Should I Let My Cat Outside
I have a long history of indoor and outdoor cats. My home was backed by an agricultural field, which made us a stray cat attraction. Of the six cats I had during my life, two of them ventured out for a walk and never returned as they grew older. My mom always believed that cats should be able to go out and enjoy nature and that it was best for their mental well-being. In college, I stayed in an apartment building and had two cats. I lived close to a busy road and feared letting them go outside.
As an adult, my cats have always been in the house. We were taught to scold cat owners who allowed their pets outside in vet school. We were taught that there are many dangers, like cars and other cats, viruses, diseases, and dogs, as well as other animals and predators like coyotes, cougars, and bobcats.
After 14 years of training, I have seen indoor and outdoor cats. I’ve observed it is possible to distinguish three types of cats. The first is the cat that resides indoors and hasn’t had any other experience. Then there are those who are outdoors but lack the street sense to survive (these are the ones that make for such a tragic situation). The third category is indoor/outdoor cats who thrive outdoors. The third group is most happy and, I would venture to say, the most healthy. They aren’t fat and suffer less stress. They are treated more frequently for bite abscesses, worms, and bites, but overall, they enjoy their lives to the fullest.
In the last year, I’ve been thinking about how we can reap all the benefits of being in outdoor space and decrease the chance of being eaten. What can we do to let our pets enjoy the sun and roll around on the lawn without risking being eaten by a raccoon? These are my tips for letting your cat have fun in the outdoors without fear of being eaten.
Vaccines. If your cat will be out in the open, it’s essential to guard it against panleukopenia and rabies. If your cat is likely to have contact with other cats, I’d recommend the feline leukemia vaccination.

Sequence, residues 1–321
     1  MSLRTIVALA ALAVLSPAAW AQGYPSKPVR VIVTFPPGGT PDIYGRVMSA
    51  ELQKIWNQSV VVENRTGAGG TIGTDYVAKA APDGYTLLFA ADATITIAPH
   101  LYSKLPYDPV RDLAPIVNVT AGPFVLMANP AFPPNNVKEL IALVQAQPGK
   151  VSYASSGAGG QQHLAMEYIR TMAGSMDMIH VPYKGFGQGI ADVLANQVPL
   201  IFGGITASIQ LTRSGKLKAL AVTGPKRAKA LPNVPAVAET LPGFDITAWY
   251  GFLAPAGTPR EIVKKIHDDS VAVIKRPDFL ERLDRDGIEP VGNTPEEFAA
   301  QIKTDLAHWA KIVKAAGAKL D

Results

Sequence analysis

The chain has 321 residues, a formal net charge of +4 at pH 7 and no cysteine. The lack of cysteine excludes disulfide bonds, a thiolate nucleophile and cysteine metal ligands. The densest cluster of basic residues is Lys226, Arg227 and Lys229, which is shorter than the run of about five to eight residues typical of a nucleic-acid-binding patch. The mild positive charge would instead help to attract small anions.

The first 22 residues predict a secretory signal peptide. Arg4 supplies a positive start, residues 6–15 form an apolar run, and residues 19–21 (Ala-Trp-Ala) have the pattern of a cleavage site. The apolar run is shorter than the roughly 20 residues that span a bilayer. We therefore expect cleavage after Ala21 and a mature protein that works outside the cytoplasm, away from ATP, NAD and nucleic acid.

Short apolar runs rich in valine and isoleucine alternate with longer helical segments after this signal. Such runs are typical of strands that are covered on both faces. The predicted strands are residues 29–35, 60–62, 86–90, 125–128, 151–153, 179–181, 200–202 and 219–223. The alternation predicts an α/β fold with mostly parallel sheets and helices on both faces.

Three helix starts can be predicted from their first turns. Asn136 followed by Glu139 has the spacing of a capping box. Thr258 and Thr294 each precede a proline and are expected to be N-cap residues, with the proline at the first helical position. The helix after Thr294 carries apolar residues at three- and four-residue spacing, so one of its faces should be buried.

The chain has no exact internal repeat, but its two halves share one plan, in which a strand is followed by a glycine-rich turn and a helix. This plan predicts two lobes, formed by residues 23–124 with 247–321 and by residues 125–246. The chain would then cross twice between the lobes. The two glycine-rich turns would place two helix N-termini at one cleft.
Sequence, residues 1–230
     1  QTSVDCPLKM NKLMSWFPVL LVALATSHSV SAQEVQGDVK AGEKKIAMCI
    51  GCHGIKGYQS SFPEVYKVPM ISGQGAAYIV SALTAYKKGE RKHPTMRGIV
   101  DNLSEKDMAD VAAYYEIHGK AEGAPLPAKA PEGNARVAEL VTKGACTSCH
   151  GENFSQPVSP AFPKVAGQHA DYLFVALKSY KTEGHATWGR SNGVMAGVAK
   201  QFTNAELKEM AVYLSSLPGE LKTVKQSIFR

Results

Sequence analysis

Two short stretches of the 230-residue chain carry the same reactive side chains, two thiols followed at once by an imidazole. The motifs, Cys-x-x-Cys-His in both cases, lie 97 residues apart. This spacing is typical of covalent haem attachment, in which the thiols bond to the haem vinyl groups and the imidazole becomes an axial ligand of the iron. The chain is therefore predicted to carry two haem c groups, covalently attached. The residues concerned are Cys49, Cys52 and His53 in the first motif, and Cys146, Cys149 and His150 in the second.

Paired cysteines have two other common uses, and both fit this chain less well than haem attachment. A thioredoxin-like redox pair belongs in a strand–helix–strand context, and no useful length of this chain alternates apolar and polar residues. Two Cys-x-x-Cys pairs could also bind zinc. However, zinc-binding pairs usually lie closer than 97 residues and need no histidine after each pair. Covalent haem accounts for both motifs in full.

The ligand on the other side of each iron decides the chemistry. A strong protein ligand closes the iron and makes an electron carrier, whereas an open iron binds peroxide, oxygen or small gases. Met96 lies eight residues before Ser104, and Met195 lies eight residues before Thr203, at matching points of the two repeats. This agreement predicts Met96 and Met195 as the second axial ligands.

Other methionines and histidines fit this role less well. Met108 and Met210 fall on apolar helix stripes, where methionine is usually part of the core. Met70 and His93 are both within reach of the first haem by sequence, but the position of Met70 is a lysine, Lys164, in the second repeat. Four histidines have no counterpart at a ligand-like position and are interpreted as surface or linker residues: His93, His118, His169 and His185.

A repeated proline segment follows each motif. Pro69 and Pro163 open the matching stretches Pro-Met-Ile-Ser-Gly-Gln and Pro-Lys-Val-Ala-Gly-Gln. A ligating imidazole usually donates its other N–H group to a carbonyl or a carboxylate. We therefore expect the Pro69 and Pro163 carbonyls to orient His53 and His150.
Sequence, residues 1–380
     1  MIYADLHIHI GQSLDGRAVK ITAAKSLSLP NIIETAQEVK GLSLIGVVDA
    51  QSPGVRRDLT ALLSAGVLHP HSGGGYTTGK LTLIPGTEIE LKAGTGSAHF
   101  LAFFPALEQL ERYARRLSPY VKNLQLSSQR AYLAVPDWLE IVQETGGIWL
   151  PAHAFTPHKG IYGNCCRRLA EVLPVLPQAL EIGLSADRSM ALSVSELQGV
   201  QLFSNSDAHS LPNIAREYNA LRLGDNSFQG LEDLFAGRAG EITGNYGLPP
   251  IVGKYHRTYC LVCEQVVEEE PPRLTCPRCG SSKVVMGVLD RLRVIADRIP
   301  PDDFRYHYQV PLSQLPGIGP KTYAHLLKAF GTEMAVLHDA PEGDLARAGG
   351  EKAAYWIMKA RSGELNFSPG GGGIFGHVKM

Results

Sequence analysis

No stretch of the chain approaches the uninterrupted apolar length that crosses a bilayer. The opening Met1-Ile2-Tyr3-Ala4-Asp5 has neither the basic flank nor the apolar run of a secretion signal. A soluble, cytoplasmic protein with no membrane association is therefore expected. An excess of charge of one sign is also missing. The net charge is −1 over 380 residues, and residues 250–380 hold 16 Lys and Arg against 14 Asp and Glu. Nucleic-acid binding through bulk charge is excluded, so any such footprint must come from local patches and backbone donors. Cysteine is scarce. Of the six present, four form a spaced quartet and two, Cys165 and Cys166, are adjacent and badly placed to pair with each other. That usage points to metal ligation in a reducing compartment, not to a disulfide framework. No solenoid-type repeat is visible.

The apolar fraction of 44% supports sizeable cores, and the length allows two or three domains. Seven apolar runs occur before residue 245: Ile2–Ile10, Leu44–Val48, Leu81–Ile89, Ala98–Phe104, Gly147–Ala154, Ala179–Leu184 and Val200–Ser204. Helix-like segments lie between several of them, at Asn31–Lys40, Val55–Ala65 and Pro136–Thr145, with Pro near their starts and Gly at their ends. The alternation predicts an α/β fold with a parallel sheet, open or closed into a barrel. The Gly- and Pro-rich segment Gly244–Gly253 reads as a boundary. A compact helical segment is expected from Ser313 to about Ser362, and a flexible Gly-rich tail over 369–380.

Fencing. You can keep your cat in a safe backyard by securing this net onto the top part of your fence. These tend to be quite durable but may require repairs during a significant snowstorm. It is also important to ensure that your cat isn’t able to escape through the branches of trees that hang over your fence.
Catios. If you don’t have a fence that could alter, you can try a category! There are already-built Catios in this article. If you’re feeling creative, I also enjoy these designs to build your own.
Daytime Adventures Just. Bring your kitty inside before the main predator time of evenings and nights. Creating a simple and smooth transition is possible by scheduling treats or dinner time for a relaxing and regular time.
Up-to-date tags. Many indoor cats don’t have collars or tags; that’s understandable. If you have a cat that lives outdoors, I suggest keeping current tags and your cat’s contact information in case they are lost. I also recommend break-away collars that can be released easily when your cat gets caught by something.
You’d love to ensure your cat is secure and healthy! If you’ve any concerns, I’d love to get in touch with you! Comment below!